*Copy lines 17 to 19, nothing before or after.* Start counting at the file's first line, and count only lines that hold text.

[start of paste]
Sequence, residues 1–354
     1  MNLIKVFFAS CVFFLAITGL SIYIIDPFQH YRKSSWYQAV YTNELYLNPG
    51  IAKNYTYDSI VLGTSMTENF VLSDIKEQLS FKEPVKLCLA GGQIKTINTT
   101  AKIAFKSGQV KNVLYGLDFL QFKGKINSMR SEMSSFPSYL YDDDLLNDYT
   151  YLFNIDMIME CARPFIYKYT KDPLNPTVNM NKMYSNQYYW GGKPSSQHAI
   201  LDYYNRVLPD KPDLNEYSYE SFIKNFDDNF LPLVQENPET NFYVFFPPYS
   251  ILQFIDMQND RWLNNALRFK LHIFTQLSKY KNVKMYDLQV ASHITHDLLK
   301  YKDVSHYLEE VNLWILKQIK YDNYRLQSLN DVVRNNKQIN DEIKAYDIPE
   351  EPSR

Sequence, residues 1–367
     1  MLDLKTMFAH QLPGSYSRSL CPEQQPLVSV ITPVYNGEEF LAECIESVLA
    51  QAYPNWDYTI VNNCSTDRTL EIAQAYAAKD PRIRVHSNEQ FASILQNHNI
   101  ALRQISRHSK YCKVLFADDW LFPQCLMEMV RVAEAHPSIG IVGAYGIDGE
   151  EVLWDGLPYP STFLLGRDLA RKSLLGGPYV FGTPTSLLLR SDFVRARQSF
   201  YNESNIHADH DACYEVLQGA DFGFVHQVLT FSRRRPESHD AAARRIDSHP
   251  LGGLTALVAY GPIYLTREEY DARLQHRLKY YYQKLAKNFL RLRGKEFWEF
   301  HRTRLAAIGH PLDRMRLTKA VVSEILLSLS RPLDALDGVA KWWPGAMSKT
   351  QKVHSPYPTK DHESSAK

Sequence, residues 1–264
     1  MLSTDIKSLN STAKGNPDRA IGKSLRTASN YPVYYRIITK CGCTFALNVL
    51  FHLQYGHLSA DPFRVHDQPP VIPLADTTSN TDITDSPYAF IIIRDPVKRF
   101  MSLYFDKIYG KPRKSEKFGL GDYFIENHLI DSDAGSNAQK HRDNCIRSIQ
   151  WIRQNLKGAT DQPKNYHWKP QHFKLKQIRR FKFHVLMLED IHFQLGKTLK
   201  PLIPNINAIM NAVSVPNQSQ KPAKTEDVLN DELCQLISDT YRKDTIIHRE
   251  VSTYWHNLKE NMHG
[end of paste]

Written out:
   301  HRTRLAAIGH PLDRMRLTKA VVSEILLSLS RPLDALDGVA KWWPGAMSKT
   351  QKVHSPYPTK DHESSAK

Sequence, residues 1–264